Editorial: The Growth of Fútbol in the U.S. 

The event promises to be the closest thing to a World Cup for the continent. 
Editorial: The Growth of Fútbol in the U.S. 
The Copa América Centenario aims to be the closest thing to a World Cup for the continent.
Foto: Mexsport

On June 3 begins a special edition of the Copa América soccer tournament. What makes it special is the fact that this year marks 100 years since the first time that the cup – called the South American Championship in those days – was contested. It is also special because it is being played one year after the last. The cup is usually played every 4 years.

The Conmebol, the South American soccer authorities, still shaken by the FIFA scandal, reached an agreement with the Concacaf to hold the cup in the U.S. and to include six teams from that country, not just Mexico and a few other guest teams. The project is ambitious and appealing.

After an enormous effort on the part of organizers, especially from the U.S. team directors, the Copa América Centenario is ready to kick off and promises to be a magnificent event despite the absence of a number of star players who are currently injured, such as Lionel Messi, Luis Suárez and Keylor Navas.

The Copa América Centenario aims to be the closest thing to a World Cup for the continent. Stadiums are expected to sell out, and TV ratings are likely to confirm the event’s success. This could help the chances of the U.S. to become the host country of another FIFA World Cup.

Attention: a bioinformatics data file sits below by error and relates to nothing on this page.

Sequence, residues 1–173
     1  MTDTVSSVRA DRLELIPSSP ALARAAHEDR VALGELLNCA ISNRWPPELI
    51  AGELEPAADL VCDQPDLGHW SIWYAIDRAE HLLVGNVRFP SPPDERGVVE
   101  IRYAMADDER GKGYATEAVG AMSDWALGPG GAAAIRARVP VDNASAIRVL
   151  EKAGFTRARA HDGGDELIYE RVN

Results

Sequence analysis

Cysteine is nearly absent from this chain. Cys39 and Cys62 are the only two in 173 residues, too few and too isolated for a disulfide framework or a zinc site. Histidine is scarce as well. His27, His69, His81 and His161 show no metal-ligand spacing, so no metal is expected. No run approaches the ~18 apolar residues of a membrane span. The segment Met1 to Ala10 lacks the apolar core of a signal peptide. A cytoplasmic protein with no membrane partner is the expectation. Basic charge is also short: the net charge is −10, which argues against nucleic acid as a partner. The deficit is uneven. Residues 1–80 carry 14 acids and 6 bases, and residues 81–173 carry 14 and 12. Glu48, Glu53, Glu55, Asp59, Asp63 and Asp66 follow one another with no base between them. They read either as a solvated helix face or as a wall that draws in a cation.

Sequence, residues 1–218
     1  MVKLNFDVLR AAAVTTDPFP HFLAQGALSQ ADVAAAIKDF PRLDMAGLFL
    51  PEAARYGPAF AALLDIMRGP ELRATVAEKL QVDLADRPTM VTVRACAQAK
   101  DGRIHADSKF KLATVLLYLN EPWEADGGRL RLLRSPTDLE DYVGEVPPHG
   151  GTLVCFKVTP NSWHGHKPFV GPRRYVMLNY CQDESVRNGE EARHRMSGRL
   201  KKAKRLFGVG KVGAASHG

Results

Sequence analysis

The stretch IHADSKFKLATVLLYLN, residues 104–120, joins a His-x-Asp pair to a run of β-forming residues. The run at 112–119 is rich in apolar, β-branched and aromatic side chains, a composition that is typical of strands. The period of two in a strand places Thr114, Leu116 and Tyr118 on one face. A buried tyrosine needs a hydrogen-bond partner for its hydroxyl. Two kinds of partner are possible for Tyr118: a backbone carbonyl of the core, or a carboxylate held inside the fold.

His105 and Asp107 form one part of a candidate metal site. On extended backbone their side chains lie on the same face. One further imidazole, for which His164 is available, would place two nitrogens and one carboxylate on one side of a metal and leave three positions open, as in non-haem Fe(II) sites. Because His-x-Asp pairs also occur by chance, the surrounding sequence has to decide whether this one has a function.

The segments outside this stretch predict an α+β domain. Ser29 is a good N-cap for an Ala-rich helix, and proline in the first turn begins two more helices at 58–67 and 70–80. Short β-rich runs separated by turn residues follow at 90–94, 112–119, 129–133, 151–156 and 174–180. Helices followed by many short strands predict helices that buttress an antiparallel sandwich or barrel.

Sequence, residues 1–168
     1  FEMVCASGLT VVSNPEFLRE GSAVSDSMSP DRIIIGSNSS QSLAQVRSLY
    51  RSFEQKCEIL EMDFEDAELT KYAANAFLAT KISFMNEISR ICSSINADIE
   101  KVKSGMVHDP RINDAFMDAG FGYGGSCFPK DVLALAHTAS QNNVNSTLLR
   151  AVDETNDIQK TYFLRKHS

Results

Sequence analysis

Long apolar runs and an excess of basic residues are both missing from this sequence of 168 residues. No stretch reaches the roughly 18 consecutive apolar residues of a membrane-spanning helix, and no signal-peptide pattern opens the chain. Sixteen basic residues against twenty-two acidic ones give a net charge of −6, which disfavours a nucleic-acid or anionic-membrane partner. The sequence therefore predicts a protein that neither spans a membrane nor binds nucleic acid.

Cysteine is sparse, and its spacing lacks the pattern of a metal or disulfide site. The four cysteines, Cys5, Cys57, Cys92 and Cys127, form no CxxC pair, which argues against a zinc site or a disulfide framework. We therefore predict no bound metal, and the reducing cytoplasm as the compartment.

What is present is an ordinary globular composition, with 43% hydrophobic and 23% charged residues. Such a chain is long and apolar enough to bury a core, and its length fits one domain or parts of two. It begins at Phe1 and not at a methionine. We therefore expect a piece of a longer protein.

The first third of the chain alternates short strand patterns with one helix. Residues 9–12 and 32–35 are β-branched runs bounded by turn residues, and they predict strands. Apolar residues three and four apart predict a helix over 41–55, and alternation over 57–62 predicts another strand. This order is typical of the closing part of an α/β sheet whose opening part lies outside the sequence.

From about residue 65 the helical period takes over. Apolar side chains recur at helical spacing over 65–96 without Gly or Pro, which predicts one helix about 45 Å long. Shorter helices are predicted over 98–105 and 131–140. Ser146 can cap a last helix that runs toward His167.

The 1994 World Cup was held here at a time when no real professional soccer league existed in the country, there was no appropriate infrastructure and the stadiums that were used were old and obsolete. However, succeeding in organizing the grand-scale event gave way to the birth of the Major League Soccer (MLS) and promoted soccer practice and its development across the country.

While the road since 1994 has been full of challenges, the effort has borne fruit, as demonstratedby the growth of the MLS, the rise of young U.S.-born soccer players – some of which have even been exported to European leagues – and the number of stadiums that have been built specifically for soccer since then.

It remains to be seen if the World Cup will return to the U.S. anytime soon, but the development of soccer and the fact that it was the U.S. justice system that brought down Sepp Blatter’s corrupt empire give us reason to believe that there is a chance that it might happen, possibly in 2026.

For the time being, the eyes of the whole continent are on the U.S. once again.